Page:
The Exiles Return: A Novel

Elis­a­beth de Waal; Edmund de Waal, fwd.
  • Review
By – February 24, 2014

The Exiles Return by Elis­a­beth de Waal is a posthu­mous­ly pub­lished nov­el that was brought to light by the author’s grand­son, the writer and artist Edmund de Waal. The sto­ry takes place between 1954 and 1955, when Aus­tria was still under the con­trol of the occu­py­ing forces, and at times pow­er­ful­ly reminds read­ers that Aus­tria embraced Nazism enthu­si­as­ti­cal­ly. It is by no means an his­tor­i­cal nov­el, but is about love, betray­al, and what it means to be an exile. Through sub­tle char­ac­ter state­ments the read­er under­stands what it is like to return to a home­land that has changed in appear­ance although not in atti­tude among Austria’s aris­to­crat­ic, cler­i­cal, and intel­lec­tu­al spheres.

The main char­ac­ters are three return­ing exiles: Theophil Kanakis, a descen­dant of a wealthy Greek-Aus­tri­an fam­i­ly; eigh­teen-year-old Marie-Theres Larsen, known as Resi, the Amer­i­can daugh­ter of an exiled Aus­tri­an princess; and Aus­tri­an Jew­ish pro­fes­sor Dr. Kuno Adler, who escaped the Nazi atroc­i­ties by emi­grat­ing to Amer­i­ca. All three dis­card the life they lived in Amer­i­ca to find some sal­va­tion in Aus­tria. Kanakis wants to use his mon­ey to fund a plea­sure-seek­ing life. Resi is sent to live with her Aus­tri­an rel­a­tives to be trans­formed from an indif­fer­ent, lazy, and dreamy ado­les­cent to a mature and respon­si­ble adult. But the char­ac­ter who pos­si­bly makes the most impact is Dr. Adler, who con­fronts anti-Semi­tism yet still con­sid­ers him­self an agnos­tic and not a man of faith.

It is inter­est­ing to see how the author explores such con­tro­ver­sial issues as homo­sex­u­al rela­tion­ships, inter­faith rela­tion­ships, and preg­nan­cy out of wed­lock. Read­ers will see how atti­tudes have changed from the peri­od when the book was writ­ten, the 1950s, to the cur­rent time. The most grip­ping issue dis­cussed is when Dr. Adler is con­front­ed by his supe­ri­or, who per­formed med­ical exper­i­ments with the Nazis on con­cen­tra­tion camp vic­tims. Dr. Adler bril­liant­ly responds, I am one of those, Dr. Krieger, whom you didn’t get rid of.”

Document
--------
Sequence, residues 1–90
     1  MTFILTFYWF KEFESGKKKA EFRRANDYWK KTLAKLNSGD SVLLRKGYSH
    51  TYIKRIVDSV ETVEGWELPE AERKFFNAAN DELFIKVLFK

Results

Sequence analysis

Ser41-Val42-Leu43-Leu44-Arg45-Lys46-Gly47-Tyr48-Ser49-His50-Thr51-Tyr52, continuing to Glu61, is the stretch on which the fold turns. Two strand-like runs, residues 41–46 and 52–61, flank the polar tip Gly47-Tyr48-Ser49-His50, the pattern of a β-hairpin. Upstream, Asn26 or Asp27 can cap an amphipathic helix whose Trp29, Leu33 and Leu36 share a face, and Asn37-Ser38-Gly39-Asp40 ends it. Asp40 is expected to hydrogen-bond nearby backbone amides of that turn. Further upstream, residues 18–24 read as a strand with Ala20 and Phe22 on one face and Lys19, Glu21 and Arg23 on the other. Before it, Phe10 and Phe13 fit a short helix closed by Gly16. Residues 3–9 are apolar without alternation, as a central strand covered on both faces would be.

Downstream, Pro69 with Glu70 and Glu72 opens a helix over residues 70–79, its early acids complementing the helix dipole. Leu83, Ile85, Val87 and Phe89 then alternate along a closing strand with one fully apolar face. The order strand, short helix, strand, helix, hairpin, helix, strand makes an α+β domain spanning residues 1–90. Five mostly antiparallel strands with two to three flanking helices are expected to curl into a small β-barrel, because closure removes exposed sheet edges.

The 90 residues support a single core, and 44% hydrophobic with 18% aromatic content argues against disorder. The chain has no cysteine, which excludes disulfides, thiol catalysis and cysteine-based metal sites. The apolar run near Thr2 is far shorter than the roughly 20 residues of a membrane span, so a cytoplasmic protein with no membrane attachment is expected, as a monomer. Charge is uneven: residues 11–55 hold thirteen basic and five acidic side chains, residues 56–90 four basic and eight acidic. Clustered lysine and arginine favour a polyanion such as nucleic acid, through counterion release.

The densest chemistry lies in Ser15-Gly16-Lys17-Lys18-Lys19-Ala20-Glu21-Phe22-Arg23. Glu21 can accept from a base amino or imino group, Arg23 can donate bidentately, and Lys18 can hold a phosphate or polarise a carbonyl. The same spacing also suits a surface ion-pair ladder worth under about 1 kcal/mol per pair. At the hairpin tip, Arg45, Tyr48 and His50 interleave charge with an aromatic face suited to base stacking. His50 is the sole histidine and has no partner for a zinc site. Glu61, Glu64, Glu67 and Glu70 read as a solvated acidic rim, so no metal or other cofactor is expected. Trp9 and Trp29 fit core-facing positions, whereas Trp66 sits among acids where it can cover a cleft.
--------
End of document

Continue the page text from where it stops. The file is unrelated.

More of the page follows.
Mr. De Waal explains in the fore­word that there is a lit­tle of his grand­moth­er in all of the main char­ac­ters. He writes, Elis­a­beth de Waal was Vien­nese and this is a nov­el about being Vien­nese. As such, it is a nov­el about exile and about return, about the push and pull of love, anger and despair about a place which is part of your iden­ti­ty, but which has also reject­ed you.The Exiles Return is alive to this com­plex­i­ty and it stands, in part, as a kind of auto­bi­og­ra­phy in its map­ping of these emotions…But above all the book is about the heart­break of returning.”

The Exiles Return is a riv­et­ing nov­el that is about iden­ti­ty, los­ing a home­land, and return­ing to find that time has not stopped. It is a sto­ry of how the dif­fer­ent char­ac­ters were affect­ed pre- and post-World War II, and how their lives became intertwined.

Elise Coop­er lives in Los Ange­les and has writ­ten numer­ous nation­al secu­ri­ty arti­cles sup­port­ing Israel. She writes book reviews and Q and A’s for many dif­fer­ent out­lets includ­ing the Mil­i­tary Press. She has had the plea­sure to inter­view best­selling authors from many dif­fer­ent genres.

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